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Not worth the cost: 3 lessons about unprotected PHI

When it comes to protecting patient data, technology is evolving so quickly that it’s difficult for healthcare providers to keep up. While electronic recordkeeping through computers, smart devices, and web-based services can lead to higher efficiency and elevate patient care, providers must closely monitor use to ensure the data contained remains safeguarded.

There’s more at stake than just patient trust for healthcare providers who do not adequately shelter their patients’ Protected Health Information, or PHI. The U.S. Department of Health and Human Services’ Office of Civil Rights can hand down severe civil and even criminal charges for violations of patient privacy. Even if a company doesn’t give away the information intentionally, the government can hold it liable for data breaches, particularly if there’s proof the company didn’t guard the data properly.

Electronic data breaches are becoming the latest, greatest way thieves obtain sensitive information about patients, including Social Security and bank account numbers. But physical theft is also a rising concern. For instance, an average car break-in can turn into a massive data breach if the car contains a device with unsecure PHI on it. Take a look at the examples of PHI non-compliance below to better understand the seriousness of this infraction.

Lesson 1: Laptops

Recently, a private practice radiation oncology group named Cancer Care was ordered to pay $750,000 after someone stole a laptop containing PHI on patients from an employee’s vehicle. The thief could easily obtain the unencrypted data from the laptop. An investigation by the U.S. Department of Health and Human Services (HHS), Office for Civil Rights (OCR) found that even before the laptop theft, Cancer Care was not compliant with HIPAA privacy rules.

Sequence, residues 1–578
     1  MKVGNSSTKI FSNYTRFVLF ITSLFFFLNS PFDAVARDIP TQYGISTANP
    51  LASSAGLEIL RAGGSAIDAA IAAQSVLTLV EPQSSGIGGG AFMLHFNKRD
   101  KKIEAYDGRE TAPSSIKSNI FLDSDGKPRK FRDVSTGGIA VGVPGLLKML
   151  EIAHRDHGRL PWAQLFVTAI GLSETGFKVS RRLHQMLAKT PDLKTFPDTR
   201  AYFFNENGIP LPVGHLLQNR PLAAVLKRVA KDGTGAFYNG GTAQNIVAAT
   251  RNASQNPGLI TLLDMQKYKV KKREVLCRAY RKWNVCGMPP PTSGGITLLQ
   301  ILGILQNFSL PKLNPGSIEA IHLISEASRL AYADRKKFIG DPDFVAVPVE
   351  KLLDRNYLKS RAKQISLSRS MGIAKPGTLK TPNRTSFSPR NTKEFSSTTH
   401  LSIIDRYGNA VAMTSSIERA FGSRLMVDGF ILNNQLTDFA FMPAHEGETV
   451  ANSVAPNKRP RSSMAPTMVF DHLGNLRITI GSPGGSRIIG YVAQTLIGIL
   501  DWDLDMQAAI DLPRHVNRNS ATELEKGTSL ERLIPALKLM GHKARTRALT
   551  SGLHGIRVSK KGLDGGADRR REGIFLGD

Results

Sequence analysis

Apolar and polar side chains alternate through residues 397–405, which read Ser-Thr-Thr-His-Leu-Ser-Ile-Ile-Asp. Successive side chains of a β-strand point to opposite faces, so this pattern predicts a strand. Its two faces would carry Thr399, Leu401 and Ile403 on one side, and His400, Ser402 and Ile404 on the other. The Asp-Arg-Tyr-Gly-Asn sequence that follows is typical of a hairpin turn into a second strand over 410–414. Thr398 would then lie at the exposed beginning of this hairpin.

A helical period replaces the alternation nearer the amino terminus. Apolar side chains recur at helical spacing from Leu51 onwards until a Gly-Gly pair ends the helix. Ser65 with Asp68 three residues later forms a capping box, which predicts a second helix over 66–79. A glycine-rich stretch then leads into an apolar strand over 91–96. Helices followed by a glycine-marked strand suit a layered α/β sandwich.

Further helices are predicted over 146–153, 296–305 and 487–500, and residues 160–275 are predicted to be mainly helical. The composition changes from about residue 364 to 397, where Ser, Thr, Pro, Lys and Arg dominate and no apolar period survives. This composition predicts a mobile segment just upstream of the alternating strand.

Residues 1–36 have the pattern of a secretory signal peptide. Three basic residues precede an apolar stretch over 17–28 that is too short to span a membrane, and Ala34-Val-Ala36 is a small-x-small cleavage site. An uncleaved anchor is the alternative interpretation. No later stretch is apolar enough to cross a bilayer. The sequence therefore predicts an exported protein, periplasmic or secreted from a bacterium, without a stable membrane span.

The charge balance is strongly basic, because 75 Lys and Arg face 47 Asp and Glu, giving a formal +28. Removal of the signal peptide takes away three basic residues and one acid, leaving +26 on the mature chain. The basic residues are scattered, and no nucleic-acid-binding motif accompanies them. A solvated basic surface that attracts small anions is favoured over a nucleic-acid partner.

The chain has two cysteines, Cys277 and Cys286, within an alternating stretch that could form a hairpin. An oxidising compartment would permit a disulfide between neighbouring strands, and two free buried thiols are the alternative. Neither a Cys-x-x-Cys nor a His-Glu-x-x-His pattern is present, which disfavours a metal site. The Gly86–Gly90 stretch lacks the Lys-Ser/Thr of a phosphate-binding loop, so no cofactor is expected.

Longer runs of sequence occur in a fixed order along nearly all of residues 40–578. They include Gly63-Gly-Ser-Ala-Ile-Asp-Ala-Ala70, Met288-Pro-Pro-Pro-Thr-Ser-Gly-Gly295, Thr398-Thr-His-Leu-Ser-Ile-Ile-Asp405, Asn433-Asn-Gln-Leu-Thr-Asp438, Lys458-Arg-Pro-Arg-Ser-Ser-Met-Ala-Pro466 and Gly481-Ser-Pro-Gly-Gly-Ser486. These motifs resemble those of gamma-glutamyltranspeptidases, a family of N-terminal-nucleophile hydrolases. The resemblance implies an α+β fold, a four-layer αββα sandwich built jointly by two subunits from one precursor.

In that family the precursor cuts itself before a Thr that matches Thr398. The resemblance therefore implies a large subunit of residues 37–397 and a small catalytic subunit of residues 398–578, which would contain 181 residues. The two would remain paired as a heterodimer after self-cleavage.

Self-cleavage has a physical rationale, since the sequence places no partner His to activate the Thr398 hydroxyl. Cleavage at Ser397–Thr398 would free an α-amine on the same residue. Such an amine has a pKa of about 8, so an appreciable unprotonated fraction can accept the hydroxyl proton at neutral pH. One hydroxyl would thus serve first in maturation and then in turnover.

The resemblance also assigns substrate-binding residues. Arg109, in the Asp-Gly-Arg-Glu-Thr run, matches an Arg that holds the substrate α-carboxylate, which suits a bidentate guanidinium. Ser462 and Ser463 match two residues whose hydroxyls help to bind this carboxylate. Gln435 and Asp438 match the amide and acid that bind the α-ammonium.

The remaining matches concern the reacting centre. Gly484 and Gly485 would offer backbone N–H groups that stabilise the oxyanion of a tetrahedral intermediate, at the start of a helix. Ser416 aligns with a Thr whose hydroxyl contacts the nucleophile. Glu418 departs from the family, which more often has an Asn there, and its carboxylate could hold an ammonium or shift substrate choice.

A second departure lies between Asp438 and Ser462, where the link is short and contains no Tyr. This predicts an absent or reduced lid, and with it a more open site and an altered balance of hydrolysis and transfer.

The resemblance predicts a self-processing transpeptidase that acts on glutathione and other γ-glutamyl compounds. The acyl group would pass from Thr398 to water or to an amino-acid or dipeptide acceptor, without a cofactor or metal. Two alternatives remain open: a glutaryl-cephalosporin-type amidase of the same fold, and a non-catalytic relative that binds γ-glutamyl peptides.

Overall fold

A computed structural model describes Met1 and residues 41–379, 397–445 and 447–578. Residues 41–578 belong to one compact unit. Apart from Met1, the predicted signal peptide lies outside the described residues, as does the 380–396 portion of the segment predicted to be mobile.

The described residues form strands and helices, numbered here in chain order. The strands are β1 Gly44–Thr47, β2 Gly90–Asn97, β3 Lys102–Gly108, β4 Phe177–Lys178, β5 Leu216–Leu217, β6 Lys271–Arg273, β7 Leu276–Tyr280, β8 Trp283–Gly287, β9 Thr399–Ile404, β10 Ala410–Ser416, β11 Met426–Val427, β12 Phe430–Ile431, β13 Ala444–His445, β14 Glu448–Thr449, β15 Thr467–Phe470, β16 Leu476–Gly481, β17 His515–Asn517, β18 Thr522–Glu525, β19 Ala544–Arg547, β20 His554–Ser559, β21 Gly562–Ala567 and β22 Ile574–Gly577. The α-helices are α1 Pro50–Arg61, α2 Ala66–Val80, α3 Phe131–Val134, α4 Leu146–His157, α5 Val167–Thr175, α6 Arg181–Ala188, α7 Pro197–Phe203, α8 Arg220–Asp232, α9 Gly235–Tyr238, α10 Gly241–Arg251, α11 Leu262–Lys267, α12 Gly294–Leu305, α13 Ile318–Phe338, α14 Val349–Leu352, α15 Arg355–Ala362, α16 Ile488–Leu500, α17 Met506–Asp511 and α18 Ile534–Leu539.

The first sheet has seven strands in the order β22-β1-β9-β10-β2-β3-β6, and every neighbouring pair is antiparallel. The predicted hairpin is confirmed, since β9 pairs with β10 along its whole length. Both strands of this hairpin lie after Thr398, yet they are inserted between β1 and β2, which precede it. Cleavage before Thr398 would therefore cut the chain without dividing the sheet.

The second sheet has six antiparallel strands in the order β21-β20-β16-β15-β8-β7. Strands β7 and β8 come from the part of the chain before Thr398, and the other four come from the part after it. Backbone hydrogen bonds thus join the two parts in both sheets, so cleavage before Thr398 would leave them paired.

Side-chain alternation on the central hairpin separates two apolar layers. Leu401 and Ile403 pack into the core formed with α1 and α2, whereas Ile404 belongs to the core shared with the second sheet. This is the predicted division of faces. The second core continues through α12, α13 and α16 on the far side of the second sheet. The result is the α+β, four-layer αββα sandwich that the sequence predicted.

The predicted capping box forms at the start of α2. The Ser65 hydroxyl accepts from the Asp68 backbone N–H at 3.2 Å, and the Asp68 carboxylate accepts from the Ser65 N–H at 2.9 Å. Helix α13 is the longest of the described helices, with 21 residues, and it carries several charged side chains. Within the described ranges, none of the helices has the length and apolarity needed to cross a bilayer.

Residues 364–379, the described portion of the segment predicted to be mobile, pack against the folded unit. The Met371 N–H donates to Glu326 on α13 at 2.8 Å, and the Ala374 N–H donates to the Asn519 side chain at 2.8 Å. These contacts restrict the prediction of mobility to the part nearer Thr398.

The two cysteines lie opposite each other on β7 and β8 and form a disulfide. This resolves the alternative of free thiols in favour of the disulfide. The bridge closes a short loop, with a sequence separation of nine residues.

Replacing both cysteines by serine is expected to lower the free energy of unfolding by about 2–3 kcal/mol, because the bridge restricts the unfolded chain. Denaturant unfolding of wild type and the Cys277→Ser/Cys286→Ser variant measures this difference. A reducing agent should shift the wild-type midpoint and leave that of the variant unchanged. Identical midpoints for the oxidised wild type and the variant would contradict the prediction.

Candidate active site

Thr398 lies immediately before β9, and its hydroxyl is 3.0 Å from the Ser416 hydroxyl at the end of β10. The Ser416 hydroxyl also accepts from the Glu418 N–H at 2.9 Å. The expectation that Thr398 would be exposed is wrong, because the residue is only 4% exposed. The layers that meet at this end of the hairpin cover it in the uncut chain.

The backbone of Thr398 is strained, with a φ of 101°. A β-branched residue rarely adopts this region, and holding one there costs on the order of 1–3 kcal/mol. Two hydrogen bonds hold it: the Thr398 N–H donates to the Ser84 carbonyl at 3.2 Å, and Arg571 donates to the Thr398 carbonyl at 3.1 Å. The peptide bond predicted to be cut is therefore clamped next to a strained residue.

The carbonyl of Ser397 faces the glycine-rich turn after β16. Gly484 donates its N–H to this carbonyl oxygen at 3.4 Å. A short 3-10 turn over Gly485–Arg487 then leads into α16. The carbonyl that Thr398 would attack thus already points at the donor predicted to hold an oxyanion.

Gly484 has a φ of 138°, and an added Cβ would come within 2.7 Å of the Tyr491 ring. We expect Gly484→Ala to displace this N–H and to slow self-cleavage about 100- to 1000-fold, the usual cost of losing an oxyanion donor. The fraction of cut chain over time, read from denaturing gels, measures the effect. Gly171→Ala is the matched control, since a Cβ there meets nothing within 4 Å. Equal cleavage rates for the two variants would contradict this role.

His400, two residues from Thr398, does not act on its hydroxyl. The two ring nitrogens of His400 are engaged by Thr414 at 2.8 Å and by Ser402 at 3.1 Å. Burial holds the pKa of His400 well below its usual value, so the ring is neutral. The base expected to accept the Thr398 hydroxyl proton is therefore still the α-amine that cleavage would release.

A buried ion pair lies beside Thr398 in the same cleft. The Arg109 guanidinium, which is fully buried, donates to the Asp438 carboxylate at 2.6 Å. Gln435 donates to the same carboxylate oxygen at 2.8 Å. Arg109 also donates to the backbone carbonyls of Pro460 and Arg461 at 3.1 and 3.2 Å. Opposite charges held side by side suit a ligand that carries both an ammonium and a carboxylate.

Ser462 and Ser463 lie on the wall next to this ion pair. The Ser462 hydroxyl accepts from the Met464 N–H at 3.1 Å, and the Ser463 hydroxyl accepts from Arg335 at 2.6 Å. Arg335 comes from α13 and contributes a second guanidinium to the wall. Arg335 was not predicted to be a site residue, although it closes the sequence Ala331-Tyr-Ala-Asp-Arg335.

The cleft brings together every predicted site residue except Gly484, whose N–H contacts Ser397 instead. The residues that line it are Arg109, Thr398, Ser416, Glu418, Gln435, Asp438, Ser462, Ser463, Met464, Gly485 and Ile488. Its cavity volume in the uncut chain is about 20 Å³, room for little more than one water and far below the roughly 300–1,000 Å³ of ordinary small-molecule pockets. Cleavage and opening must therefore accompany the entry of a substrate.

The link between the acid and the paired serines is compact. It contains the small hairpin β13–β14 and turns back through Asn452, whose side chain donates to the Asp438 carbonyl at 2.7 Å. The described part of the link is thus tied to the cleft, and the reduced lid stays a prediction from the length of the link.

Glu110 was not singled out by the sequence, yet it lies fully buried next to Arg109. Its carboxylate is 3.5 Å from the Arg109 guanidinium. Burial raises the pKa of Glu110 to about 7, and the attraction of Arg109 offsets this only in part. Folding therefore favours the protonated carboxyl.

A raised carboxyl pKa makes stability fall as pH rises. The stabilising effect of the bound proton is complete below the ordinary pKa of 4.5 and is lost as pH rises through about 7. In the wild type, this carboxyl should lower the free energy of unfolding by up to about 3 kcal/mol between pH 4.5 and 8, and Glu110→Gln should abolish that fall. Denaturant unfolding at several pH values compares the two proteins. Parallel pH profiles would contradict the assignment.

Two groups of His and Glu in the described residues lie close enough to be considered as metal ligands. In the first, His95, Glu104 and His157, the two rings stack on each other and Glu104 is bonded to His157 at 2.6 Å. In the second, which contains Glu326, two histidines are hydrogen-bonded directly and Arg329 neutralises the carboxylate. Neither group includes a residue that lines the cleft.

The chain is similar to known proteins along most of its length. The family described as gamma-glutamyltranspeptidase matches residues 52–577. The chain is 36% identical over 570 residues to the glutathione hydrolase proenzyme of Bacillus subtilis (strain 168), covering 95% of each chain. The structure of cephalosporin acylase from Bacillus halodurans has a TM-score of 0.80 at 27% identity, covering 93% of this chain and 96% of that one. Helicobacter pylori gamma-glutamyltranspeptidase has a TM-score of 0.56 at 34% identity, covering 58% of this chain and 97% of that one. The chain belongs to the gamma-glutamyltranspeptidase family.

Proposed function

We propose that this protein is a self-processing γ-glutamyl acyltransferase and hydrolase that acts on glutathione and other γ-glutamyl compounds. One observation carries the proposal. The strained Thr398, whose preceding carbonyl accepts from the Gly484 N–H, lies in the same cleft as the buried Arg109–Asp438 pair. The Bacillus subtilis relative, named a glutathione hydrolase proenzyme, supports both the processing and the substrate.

Lesson 2: Web-based file sharing

Massachusetts hospital St. Elizabeth’s Medical Center was hit with another substantial HIPAA non-compliance fine, $218,400, for using a web-based file-sharing program to store sensitive patient data. The complaint, filed by employees of the hospital, pointed out that the information stored this way was not adequately protected, and that it put 500 patients’ data at risk of a breach. HHS agreed with the employees’ grievance and fined the hospital. The department also added a fine for data stolen from a former employee’s laptop and USB that breached information for 595 hospital employees.

Lesson 3: Physical files

Lincare, Inc., a home healthcare provider, was recently fined $239,800 after an employee’s ex-husband called HHS to report that his former wife had left behind protected health information for 278 patients when she left their shared home. Not only was the data available for view by an unauthorised person, but HHS also found that employees taking home any patient files, or storing them in vehicles, violated HIPAA privacy laws.

How to stay HIPAA-compliant

It’s important for every healthcare provider or contractor to know what data is Protected Health Information and to take inventory of all the places (physical and electronic) that data exists. Hiring an information security firm to evaluate your data management system and put safeguards, like encryption, into place is vital for protecting the trusted information patients share with you.

As the examples above show, it’s important to ensure that employees understand the HIPAA law and their responsibility to uphold it. To that end, put an employee PHI policy in writing and have employees sign that they read it and understand their role in keeping patients’ data safe.

Healthcare providers have a great responsibility to protect the data of their patients, and that includes traditional in-office recordkeeping as well as electronic data that extends beyond office walls.

Erik Kangas, President & CEO at Lux Scientiae

Erik Kangas
LuxSci founder Erik Kangas has an impressive mix of academic research and software architecture expertise, including: undergraduate degree from Case Western Reserve University in physics and mathematics, PhD from MIT in computational biophysics, senior software engineer at Akamai Technologies, and visiting professor in physics at MIT. Chief architect and developer at LuxSci since 1999, Erik focuses on elegant, efficient, and robust solutions for scalable email and web hosting services, with a primary focus on Internet security.